Step 3-2.L involves placing the MK 103 autocannons inside the frame. As mine were not going in 'till it was painted up I simply painted my cannons up as an exercise. I used a dark grey RLM 66 and then rubbed in Mig Metallic Gun Metal P231 till it shined just enough to resemble an unused cannon in gun metal. The Mig powered pigments hold on really well. You can see here a slight seam on the barrel which I removed after this photo. Notice the open ended barrels? They look pretty good. I coloured the two feeds for ammo and magazines the same gun metal colour instead of black as it just looks more realistic and not so clean.
Steps 3-2.L  the placement of guns through 3-2.O the engines going in I left out for later as we have already talked about, 3-2.N is the next major step here – adding the top of the frame to the bottom section. I left the two centre joins between the two free from glue so I could jimmy open the frame after painting to insert the guns and engines.
I also built the cockpit parts minus the seats and instrument panel. These would also come later. The bare bones frame section looks pretty good already. 
You can see the seats here – they are not to go in 'till later as they both slide in or out without glue. These can be interchanged depending on if you want to have a pilot in there or not.
To make it all stick and to create a ready-made shadow I used decanted and airbrushed Mr Surfacer 1500 in black. I NEVER used it straight from the can and if you do stop being a “slackass” and pour it into a cup and then spray it through the airbrush. It goes so far and holds so well I love it.
I then sprayed the frame from above with RLM 02 acrylic from Gunze Sangyo. I used this colour as it is a lot harder wearing than using something like Vallejo which is easier to shoot but unfortunately comes off with a scratch and we needed something hard wearing.

Here you see the bottom of the frame – I shot from straight on one coat to keep it a dark colour - much more so than the top but realistic when looking from underneath …
On the top I shot two or three coats of RLM02 – it makes the natural blended shade on the round curved pipe frame and it looks great. 
You can see here I painted the cockpit frame parts the pilot would see with the same Gunze acrylic but the RLM 66 colour. I touched up with a brush to square off the colours on the frames i could not get to with the airbrush and then again with RLM 02. It was a good base to work on with a lot more detail to be added later on.
We jump forward a little to Step 3-6 with the wings next while the fuselage frame is drying. First you must remove all of the nodes and the seams you might find on these exposed areas.  **Slacker tip*** - you need not paint ANY of these frame or fuel tanks if you aim to paint over the clear(ish) wing surfaces.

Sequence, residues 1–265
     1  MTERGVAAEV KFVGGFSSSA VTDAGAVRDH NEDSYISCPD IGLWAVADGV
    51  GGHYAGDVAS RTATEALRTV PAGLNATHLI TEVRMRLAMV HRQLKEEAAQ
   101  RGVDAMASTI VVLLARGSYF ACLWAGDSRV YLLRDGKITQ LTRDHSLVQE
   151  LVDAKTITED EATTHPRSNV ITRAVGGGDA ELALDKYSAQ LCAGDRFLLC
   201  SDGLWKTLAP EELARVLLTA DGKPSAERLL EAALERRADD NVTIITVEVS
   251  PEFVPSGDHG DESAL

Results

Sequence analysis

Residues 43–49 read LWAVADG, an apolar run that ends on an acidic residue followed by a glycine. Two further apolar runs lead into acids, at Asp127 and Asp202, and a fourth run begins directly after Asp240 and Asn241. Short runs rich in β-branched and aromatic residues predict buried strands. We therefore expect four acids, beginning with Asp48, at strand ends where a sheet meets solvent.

Once free of any seams (well we always find more later don’t we?) the wings got the same black undercoat/ RLM 02 internal colour as the aircraft frame. The bottom just one coat where the top got two coats and some even lighter highlights.
The tanks are next. Now I originally painted some Alclad White Aluminium on these – but they were not shiny enough. I switched to Model Master Chrome Silver which gives some great metallic shine and feel. Be careful this paint dries VERY slowly and you need to get a wide spray at lower pressure to ensure even coverage. DO NOT spray this over itself before it dries or you will have a rough orange peel effect. Otherwise it comes out very nicely and it is now my pick of metalizers. See the reflection of the bottle on this tank? It is still delicate to touch even after drying as well but so worth it.
The finished wings here – the actuators got the same metal colour as the tanks. When joining these you have to be very careful if everything is going to be added pre painted. There are two small connection points on the left and right of each tank and you will need superglue to glue these on. Any scarring of superglue on the tanks brings you back to stripping them out, then taking the paint on the tanks off then painting them again. Tedium – so get it right the first time.
They do look lovely though!
With some coercion, some wiggling and a LOT of patience the engines an now go into the frame. Once in you can glue up the slots you left unglued in the middle of the spine of the fuselage between the upper and lower frames in the centre. Also the guns slip into the fuselage pretty simply - here are some pics to help you locate yours a little easier.
The actuators for the tail-chute went in at this time as well - a bend and a fiddle but so worth it in the end.
A hint of what is to come – the two wings next to this fighter – this is what they look like with the engines, cockpit and canons installed - the wings are very wide and already this kit is looking awesome.
Tomorrow we put in the cockpit and some other bits – check in to see the progress of this kit which so far has not been a difficult kit to build and actually more than a little fun..

Adam Norenberg

This kit is now on sale at Volks directly at this link – Also check out “ZM’s Old Man Blog” for more details on the company's musings as well!